Sunday, September 2, 2012

Mitt Romney's No Apology 2: Russia and Honduras

For my write-up today on Mitt Romney's No Apology: Believe in America, I'll focus on some things that Romney says about President Barack Obama's foreign policy.  Romney criticizes President Obama for ending President George W. Bush's plan for missile defense for Eastern Europe, as well as Obama's decision to support the reinstatement of leftist President Manuel Zelaya in Honduras, even though the Supreme Court there had lawfully removed him.

There is another side to the story.  Obama ended the missile defense plans in order to reset relations with Russia, and the result was a START treaty and Russia helping us in Afghanistan (see here, here, and here).  And Obama favored the reinstatement of Zelaya as President in Honduras because the Honduran military had removed him, and Obama thought that democracy rather than military force should be the way to handle things in Honduras (see here).

One could argue that Obama's policy has not worked as well as hoped.  After all, Russia has not assisted us that much when it comes to Iran and Syria.  And Romney notes that Russia makes overtures towards Hugo Chavez.  But I wonder: Would taking a tough stand towards Russia better the situation?  We don't want Russia to think that it can walk all over us, but do we have much capital (if you will) that could actually help us were we to confront Russia?  During the Reagan Administration, the Soviet Union was in trouble because it could not support its large military and its economy at the same time, and there were economic problems that were caused by communism.  But, as Romney notes, Russia today is quite prosperous.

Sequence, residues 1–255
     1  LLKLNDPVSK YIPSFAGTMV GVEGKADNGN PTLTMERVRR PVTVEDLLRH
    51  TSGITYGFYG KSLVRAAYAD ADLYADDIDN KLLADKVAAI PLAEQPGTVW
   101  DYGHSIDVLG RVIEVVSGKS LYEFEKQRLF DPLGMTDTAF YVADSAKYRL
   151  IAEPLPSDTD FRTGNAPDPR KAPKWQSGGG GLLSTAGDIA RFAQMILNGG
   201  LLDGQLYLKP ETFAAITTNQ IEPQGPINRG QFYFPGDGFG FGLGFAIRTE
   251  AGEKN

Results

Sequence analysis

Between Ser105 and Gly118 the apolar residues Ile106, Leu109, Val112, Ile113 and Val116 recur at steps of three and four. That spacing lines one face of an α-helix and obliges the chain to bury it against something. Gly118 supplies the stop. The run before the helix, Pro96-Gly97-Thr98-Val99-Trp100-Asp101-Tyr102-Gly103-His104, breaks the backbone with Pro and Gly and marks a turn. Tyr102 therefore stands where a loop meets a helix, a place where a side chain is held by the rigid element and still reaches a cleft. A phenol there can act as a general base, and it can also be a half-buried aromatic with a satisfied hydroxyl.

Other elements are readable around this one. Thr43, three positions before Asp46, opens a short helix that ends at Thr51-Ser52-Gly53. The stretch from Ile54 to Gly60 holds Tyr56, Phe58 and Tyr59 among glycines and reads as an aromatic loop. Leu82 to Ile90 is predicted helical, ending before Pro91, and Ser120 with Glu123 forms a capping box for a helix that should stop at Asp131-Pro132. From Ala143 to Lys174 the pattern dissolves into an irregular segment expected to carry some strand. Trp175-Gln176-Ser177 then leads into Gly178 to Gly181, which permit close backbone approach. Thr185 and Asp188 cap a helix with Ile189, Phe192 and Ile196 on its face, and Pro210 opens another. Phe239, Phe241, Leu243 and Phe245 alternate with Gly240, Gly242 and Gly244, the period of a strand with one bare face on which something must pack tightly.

(UPDATE: This article says in response to Romney's convention speech, in which he made the same point about Russia and missile defense: "Here, Romney goes back to one poorly received comment he made during his star-crossed trip to Europe and the Middle East. Before he left in late-July, Romney, in a speech to the VFW, said Obama's actions in the region 'began with the sudden abandonment of friends in Poland and the Czech Republic. They had courageously agreed to provide sites for our anti-missile systems, only to be told, at the last hour, that the agreement was off.' That didn't sit well with the Slovakian foreign minister and deputy prime minister, Miroslav Lajcak, who told The Wall Street Journal, 'People have moved on. We are in a different situation now. We are discussing a different project. I see no reason to revisit discussions from three years back.' Lajcak was referring to the Obama administration's decision to tinker with the plan first put in place by President George W. Bush. Rather than plant missile bases in Poland and the Czech Republic, Obama has opted to build them aboard naval vessels and with the cooperation of all the NATO countries.")

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